The same thinking applies to allowing Matthews to depart to Dallas for a maximum salary deal. Matthews’ production will be missed, but his Achilles injury puts his future reliability in doubt, and at 29 years of age, he doesn’t fit with Portland’s rebuilding motif. The subtraction of Matthews opens the door for third-year shooting guard C.J. McCollum, whose fourth year option was picked up by Portland, to slide into a starting role. McCollum has been fantastic thus far in 2015/16, averaging 20.1 points per game as of this writing. It certainly appears as though the Blazers have found a second star to pair alongside franchise player Damian Lillard.
Speaking of Lillard, there were reports that Aldridge was jealous of the attention he received, and while both players have publicly denied any rift, the Blazers gave the impression that Lillard was the face of the franchise, a move that couldn’t have sat well with Aldridge. Lillard is a fantastic player who has ice water running through his veins at crunch time, and he’s talented enough to anchor the franchise for years to come. That’s an assessment the team almost certainly agrees with judging by the five-year maximum salary extension the team signed him to this offseason.
Portland was quite active on the trade front this summer, swinging three deals of significance. The first shipped swingman Nicolas Batum to the Hornets in exchange for 2014 lottery pick Noah Vonleh and shooting guard Gerald Henderson. Batum’s versatility will be missed, but I love the team nabbing Vonleh, whom Charlotte surprisingly gave up on after he missed all but 25 games of his rookie campaign due to injury. The 20-year-old is still extremely raw, but Vonleh is certainly talented and could evolve into a solid replacement for Aldridge down the line.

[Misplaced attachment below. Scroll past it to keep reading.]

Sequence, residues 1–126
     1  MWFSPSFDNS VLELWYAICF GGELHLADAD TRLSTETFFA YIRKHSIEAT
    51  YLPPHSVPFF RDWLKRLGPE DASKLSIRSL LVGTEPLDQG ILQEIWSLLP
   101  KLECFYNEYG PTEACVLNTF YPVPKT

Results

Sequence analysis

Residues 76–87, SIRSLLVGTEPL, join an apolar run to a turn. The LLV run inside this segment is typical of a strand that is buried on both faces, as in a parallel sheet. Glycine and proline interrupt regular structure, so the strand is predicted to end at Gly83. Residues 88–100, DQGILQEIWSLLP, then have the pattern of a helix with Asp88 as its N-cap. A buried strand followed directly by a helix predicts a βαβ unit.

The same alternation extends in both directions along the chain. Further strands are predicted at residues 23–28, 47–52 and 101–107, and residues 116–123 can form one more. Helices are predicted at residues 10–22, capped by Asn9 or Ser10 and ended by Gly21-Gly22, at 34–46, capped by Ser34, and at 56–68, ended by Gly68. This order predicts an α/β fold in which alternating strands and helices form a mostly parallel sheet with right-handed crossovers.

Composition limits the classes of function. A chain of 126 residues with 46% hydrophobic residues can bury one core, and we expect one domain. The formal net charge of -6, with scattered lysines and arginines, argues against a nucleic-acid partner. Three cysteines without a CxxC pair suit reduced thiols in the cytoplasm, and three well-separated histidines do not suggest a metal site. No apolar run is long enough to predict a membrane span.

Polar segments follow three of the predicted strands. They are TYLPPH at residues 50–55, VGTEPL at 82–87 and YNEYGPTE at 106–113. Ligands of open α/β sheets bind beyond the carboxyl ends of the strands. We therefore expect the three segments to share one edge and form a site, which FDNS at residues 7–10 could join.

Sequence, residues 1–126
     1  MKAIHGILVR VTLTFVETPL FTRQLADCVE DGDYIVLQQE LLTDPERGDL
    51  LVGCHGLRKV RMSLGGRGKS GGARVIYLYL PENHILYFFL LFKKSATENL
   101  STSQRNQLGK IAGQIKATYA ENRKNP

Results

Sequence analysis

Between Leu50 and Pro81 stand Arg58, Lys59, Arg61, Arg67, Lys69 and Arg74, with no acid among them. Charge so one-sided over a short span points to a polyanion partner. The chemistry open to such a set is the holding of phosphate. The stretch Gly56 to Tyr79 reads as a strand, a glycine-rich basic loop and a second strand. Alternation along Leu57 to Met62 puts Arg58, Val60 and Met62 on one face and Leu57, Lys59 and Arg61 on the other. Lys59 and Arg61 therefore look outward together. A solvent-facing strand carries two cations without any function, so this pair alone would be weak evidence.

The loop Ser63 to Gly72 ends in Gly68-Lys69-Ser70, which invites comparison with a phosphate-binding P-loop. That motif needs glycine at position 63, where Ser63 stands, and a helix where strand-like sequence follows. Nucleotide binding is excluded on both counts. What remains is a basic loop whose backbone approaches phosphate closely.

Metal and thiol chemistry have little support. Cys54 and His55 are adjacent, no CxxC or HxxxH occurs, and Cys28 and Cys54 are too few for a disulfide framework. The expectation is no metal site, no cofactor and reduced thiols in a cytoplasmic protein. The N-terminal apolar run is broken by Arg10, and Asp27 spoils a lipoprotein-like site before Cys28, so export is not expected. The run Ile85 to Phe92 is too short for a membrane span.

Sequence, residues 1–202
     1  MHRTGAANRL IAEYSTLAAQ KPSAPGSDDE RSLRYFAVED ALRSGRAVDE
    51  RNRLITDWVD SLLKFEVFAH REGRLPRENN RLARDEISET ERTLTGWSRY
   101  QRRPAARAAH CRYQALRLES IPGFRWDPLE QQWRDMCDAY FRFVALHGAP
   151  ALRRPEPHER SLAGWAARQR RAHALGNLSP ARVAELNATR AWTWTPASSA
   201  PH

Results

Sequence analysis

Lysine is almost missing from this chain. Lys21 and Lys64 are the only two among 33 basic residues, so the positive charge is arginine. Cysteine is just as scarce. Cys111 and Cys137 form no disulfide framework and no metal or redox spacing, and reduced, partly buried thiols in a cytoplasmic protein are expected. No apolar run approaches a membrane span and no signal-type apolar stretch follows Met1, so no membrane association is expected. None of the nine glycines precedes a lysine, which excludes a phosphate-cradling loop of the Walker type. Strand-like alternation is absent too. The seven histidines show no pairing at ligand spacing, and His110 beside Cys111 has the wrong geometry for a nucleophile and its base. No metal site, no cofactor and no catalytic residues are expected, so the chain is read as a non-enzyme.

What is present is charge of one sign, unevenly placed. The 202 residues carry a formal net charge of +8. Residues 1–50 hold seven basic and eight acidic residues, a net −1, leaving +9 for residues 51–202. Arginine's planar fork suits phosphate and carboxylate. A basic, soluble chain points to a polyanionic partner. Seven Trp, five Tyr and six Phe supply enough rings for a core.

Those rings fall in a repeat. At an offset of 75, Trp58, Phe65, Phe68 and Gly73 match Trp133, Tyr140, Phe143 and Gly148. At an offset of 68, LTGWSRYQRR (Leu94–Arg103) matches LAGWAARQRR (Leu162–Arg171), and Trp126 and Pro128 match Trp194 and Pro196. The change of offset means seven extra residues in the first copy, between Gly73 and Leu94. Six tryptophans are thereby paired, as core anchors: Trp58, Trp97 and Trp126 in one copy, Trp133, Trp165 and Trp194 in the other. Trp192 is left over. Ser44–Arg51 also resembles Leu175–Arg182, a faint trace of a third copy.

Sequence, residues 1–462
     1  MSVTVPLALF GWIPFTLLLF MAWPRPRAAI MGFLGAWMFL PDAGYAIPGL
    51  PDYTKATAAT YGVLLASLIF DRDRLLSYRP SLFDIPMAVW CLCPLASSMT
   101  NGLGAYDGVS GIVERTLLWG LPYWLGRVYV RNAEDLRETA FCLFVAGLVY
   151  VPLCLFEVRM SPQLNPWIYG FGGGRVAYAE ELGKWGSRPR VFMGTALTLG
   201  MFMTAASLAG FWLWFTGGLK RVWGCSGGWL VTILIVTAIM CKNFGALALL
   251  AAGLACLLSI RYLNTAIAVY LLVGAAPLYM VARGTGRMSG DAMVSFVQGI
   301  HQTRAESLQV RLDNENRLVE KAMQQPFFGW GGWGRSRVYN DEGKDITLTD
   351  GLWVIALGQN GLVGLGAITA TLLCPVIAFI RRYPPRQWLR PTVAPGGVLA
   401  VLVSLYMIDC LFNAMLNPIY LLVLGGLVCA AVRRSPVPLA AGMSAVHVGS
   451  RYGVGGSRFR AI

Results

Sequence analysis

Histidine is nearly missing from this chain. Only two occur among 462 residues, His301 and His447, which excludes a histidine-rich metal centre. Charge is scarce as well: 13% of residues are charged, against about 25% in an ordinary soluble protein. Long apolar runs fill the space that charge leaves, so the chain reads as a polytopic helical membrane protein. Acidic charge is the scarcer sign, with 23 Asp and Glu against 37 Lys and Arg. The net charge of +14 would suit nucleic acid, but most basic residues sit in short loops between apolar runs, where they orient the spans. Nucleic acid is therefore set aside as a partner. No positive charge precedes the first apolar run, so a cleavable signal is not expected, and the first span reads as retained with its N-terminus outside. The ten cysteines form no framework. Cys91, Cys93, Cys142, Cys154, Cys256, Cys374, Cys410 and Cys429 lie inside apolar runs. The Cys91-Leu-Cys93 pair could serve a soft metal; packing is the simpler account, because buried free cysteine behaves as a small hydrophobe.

While Vonleh represents the future for the team, acquiring Mason Plumlee from the Nets in exchange for the rights to No. 23 overall pick Rondae Hollis-Jefferson was a move for the present. Plumlee seemingly never earned the trust of Brooklyn coach Lionel Hollins and had regressed slightly during the 2014/15 season. Plumlee has the potential to be a breakout player for Portland, though his ceiling isn’t close to what Vonleh’s could be. While I like the addition of Plumlee, as well uber-athletic swingman Pat Connaughton, acquired in the same deal, Hollis-Jefferson would have been the perfect replacement for Matthews’ athleticism and defense. Portland picked up Vonleh’s third-year option and Plumlee’s fourth-year option, ensuring both will remain in the fold for at least one more season.
The franchise also swung a deal with Orlando that brought over 22-year-old small forward Maurice Harkless in exchange for a heavily protected 2020 second-rounder. Harkless has been a disappointment thus far in the league since being nabbed with the No. 15 overall pick back in 2012. A change of scenery could be just what the (shot) doctor ordered for Harkless, and if he doesn’t produce in Portland, the team could simply allow him to depart as a restricted free agent next summer without having given up much for taking a chance on him.
The Trail Blazers dipped their toes into the free agent pool and came away with Al-Farouq Aminu and Ed Davis for their efforts. Both players should help the team and contribute immediately, though four years for Aminu seems a bit risky given his career 6.6 PPG scoring average. Still, Aminu’s contract is front-loaded, and with the 6’9″ forward set to earn just $6.957MM in the final year, it’s hardly crippling or untradeable if things don’t work out.
Portland’s offseason was a mixture of disappointment and potential, though the franchise has clearly taken a step or two back talent-wise. The departures of Aldridge, Matthews and Batum certainly hurt, and while GM Neil Olshey made a number of savvy moves to try to plug the holes, the Blazers are no longer a Western Conference playoff contender. But there is hope for the future, and with Lillard and McCollum on the roster, the cupboard certainly isn’t bare. The organization is likely to have in excess of $40MM in cap space to play with next offseason, so a relatively quick turnaround to prominence is certainly within the realm of possibility.
The Basketball Insiders salary pages were used in the creation of this post.